The heartbroken family of a young man who died after taking drugs have said an emotional farewell to him.
Jamie Burns (23) from north Belfast passed away after collapsing in Queen’s Students’ Union last Sunday.
Mr Burns — a student at Northern Regional College in Newtownabbey — had been out with friends when the tragedy occurred.
His father William said his son had taken a tablet, believed to have been ecstasy.
The PSNI is investigating the circumstances.
The death is one of several drug-related ones in the past month. Darren Taylor (39) and Amy Reid (21) died weeks apart in the same block of flats in Coagh.
Yesterday a service was held in the Burns family home off the Shore Road, before cremation at Roselawn.
A big fan of Liverpool FC, mourners followed Jamie’s coffin, which was painted in the team’s red colours and featured the club’s motto ‘You’ll Never Walk Alone’.
While waiting for the funeral service to begin, his father wrote of his disbelief on Facebook. “Today my only son leaves the only home he’s ever known for the last time.
“Such a waste of a young life,” he wrote.
“I’m sitting here beside my son in his coffin looking at him and I still can’t believe he’s dead.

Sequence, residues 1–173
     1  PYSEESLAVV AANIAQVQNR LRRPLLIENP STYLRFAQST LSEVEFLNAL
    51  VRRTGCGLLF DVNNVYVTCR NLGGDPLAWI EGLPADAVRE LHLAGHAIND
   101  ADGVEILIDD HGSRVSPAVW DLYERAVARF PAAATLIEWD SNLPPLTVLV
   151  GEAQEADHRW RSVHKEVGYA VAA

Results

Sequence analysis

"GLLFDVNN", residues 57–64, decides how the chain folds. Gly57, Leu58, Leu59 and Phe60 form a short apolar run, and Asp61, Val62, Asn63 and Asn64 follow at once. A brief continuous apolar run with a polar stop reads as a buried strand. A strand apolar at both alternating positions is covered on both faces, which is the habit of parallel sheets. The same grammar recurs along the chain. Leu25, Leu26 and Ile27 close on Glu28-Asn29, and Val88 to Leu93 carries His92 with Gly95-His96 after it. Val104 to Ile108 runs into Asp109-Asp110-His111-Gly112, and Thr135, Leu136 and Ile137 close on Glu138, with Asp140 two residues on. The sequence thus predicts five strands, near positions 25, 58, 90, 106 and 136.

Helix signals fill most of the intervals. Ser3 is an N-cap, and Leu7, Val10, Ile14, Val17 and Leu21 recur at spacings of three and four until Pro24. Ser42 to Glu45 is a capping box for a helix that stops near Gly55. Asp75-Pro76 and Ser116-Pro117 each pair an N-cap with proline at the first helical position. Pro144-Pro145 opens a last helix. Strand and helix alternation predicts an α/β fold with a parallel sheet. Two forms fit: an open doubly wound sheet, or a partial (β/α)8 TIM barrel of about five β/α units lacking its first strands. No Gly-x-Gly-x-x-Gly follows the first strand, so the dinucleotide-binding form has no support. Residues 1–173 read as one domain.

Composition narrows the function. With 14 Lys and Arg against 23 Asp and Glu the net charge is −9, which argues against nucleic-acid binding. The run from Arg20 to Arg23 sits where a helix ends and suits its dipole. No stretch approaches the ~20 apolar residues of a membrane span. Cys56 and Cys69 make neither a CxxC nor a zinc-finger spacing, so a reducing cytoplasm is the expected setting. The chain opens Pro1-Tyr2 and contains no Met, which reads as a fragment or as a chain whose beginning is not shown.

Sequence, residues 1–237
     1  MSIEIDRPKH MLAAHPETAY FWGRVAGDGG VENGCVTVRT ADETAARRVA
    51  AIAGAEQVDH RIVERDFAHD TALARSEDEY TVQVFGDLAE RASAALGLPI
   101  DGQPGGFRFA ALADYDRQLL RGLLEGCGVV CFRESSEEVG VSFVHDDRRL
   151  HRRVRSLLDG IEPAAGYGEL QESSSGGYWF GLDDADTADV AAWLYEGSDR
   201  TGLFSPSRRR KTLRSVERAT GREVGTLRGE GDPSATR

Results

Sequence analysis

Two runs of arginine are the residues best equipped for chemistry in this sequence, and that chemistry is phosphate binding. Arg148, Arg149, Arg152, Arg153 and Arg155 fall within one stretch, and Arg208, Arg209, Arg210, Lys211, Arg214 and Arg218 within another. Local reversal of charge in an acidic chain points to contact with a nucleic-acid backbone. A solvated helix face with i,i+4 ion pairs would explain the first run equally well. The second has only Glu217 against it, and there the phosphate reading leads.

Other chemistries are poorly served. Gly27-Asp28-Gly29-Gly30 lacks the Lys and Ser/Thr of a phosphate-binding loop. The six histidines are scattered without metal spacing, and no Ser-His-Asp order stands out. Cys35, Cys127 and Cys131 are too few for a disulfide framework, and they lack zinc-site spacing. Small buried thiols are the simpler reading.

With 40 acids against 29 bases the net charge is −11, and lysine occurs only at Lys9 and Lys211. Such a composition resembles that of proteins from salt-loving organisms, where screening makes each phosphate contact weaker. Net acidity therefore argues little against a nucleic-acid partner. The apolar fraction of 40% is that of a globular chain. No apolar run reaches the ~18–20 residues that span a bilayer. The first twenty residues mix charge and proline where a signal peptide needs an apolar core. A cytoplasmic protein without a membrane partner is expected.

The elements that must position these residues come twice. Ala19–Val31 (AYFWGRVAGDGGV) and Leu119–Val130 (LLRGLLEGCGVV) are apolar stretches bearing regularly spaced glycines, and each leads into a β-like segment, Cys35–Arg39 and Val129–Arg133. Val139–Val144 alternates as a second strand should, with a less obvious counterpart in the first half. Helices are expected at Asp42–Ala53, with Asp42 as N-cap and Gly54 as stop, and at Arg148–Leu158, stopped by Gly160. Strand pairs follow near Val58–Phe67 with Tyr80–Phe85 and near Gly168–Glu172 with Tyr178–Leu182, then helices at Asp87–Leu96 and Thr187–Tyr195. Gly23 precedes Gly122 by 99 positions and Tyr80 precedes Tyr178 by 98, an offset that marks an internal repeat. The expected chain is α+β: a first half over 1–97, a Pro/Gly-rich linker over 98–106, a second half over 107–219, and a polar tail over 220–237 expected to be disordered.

“I still expect to hear him getting ready for work. Singing because it is Friday and it’s his last day.
“He would be late home tonight because he would be going to the barber to get his hair cut and beard trimmed. Instead, it’s silence.”
His older sister Gemma said yesterday was “the worst day of my life”.
“How does anyone say goodbye to their baby brother?” she said. “The laughs we shared and the memories we have will stay with me forever.
“Not many people can say that their brother was their best friend, but we really were. There won’t be a day I don’t think about you wee man. Love you, forever and a day wee man.”
His other sister Courtney posted a picture with her brother saying: “Rest in peace Jamie, you will never be forgotten.”
Mr Burns added a warning to young people, saying they were gambling with their lives every time they dabbled in drugs.